At the start of summer 2008, I remember my mother thought I had “too much free time.” I had just finished my sophomore year of high school, and I could not be more delighted about spending my days lounging around and doing a whole lot of nothing.
As the saying goes, though, mother knows best. That is how I ended up volunteering at the Southwest Library, walking distance from my home.
As a volunteer, I learned the Dewey Decimal System and how to shelve books correctly. I became familiar with the layout of the branch and enjoyed the welcoming feel of the library. At the end of the summer, the manager at the time offered me a paid position. I was hired as a page, which is an entry-level job at Pima County Public Library. Turns out volunteering wasn’t a bad idea after all! Gracias mamá.
I worked at Southwest Library for seven years. I made lasting friendships with many wonderful people, who influenced and motivated me to continue pursuing my education and grow into a library career. My ambitions grew and an opportunity presented itself.
People are also reading…
In January 2015, I applied for and was offered a position as a library technical assistant at Flowing Wells Library. While the title sounds technical (I mean, it does have the word in it!), I work more directly with the circulation of the library’s collection, which tops 1.1 million items. I work with the flow of incoming and outgoing materials, as well as the primary software that we use to keep track of our collection.
Maybe this doesn’t sound too exciting, but consider this — I get the pleasure of opening the new material that the library purchases almost on a daily basis. And I’ll tell you, there is nothing like the feeling of processing a crisp, clean new book. Honestly, most of the books I read come from the materials I process.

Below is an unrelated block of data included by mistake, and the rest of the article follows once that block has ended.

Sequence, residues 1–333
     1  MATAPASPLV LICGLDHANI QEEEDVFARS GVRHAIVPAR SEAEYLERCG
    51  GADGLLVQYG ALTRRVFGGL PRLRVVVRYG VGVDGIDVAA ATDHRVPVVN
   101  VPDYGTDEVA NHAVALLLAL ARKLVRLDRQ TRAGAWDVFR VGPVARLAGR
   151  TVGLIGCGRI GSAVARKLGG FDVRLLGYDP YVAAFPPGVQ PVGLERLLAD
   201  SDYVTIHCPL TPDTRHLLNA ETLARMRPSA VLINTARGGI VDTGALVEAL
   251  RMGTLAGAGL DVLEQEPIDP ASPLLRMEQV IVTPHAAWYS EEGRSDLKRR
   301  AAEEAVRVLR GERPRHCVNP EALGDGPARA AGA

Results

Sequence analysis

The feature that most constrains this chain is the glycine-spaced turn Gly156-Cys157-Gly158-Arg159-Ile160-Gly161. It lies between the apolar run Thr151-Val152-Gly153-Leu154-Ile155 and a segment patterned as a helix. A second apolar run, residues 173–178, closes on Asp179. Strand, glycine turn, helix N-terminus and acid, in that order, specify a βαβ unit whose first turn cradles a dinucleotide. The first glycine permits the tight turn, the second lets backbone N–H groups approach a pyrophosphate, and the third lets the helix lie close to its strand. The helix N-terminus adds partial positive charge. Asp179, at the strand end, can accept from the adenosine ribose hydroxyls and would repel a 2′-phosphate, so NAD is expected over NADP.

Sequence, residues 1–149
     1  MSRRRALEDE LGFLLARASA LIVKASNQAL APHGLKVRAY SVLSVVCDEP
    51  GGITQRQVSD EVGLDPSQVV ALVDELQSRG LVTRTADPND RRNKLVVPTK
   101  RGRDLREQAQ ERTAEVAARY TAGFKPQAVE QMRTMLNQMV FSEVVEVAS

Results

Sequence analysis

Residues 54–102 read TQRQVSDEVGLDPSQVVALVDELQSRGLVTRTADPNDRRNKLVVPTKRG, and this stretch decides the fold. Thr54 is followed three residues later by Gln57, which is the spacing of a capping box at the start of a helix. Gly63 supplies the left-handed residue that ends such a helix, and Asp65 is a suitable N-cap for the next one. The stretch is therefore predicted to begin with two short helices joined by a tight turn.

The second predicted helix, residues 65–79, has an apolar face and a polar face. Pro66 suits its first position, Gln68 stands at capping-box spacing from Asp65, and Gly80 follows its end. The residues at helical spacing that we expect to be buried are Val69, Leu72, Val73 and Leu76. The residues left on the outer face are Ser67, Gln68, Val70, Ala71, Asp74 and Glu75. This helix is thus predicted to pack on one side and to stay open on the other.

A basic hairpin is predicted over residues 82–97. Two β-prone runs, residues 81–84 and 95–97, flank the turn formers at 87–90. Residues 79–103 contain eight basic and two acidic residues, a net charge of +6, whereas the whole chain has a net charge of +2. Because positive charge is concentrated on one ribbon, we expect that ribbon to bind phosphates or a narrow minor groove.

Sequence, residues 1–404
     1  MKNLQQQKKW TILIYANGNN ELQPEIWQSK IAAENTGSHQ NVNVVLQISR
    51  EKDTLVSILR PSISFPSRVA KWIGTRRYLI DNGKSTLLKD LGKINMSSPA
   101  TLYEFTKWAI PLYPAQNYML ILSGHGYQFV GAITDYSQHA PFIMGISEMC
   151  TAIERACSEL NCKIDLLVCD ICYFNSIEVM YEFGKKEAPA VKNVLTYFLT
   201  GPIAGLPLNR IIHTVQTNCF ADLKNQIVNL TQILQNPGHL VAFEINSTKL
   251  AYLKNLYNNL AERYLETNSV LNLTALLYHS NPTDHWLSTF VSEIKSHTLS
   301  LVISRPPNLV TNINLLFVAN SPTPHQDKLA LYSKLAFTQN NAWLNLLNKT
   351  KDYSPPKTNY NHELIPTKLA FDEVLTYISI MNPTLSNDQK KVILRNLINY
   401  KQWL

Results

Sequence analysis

Bonus! When I’m not filling my own reading list, I get to participate on library affinity teams that support and encourage the diverse communities here in Pima County. These teams are just one of the ways the library strives to be inclusive and equitable to everyone.
Currently, I’m proud to be working with the Nuestras Raíces team to address the Latinx and Spanish speaking communities. It is my true calling. Being a Chicano myself, I am passionate to work with and support communities of color.
One of the many things we do is make sure library information available in English is translated correctly in Spanish. I work with colleagues to make sure the translations accurately reflect our region’s dialect. We do not take this task lightly. Knowledge is power and there is no shortage of resources that we offer that don’t benefit all library cardholders.
I wholeheartedly believe that upon finishing my undergraduate degree in Spanish from Arizona State University, I will pursue a master’s degree in library science so I can become a librarian. It’s funny because when I first started college, I wanted to study medicine. While practicing medicine intrigues me, I believe that working with my community is just as fulfilling.
When I look back in my life, I realize that libraries were a big part of my upbringing. My mother has always loved reading. As a child, she and my father constantly read to me and my sister, in English and Spanish.
Every new town we moved to, the library was the first place we would go. Being a child and handed your own library card is one of the most exciting gifts a curious young mind can receive.
After 12 years working for the library, I am still just as excited as I was when I first volunteered back in summer 2008. I guess mi mamá did know best.
Hassael Cazesuz works at Quincie Douglas Library. His colleagues praise his extreme helpfulness, leadership, kindness and generosity. He is a member of the library’s Tech Liaisons and Nuestras Raíces teams.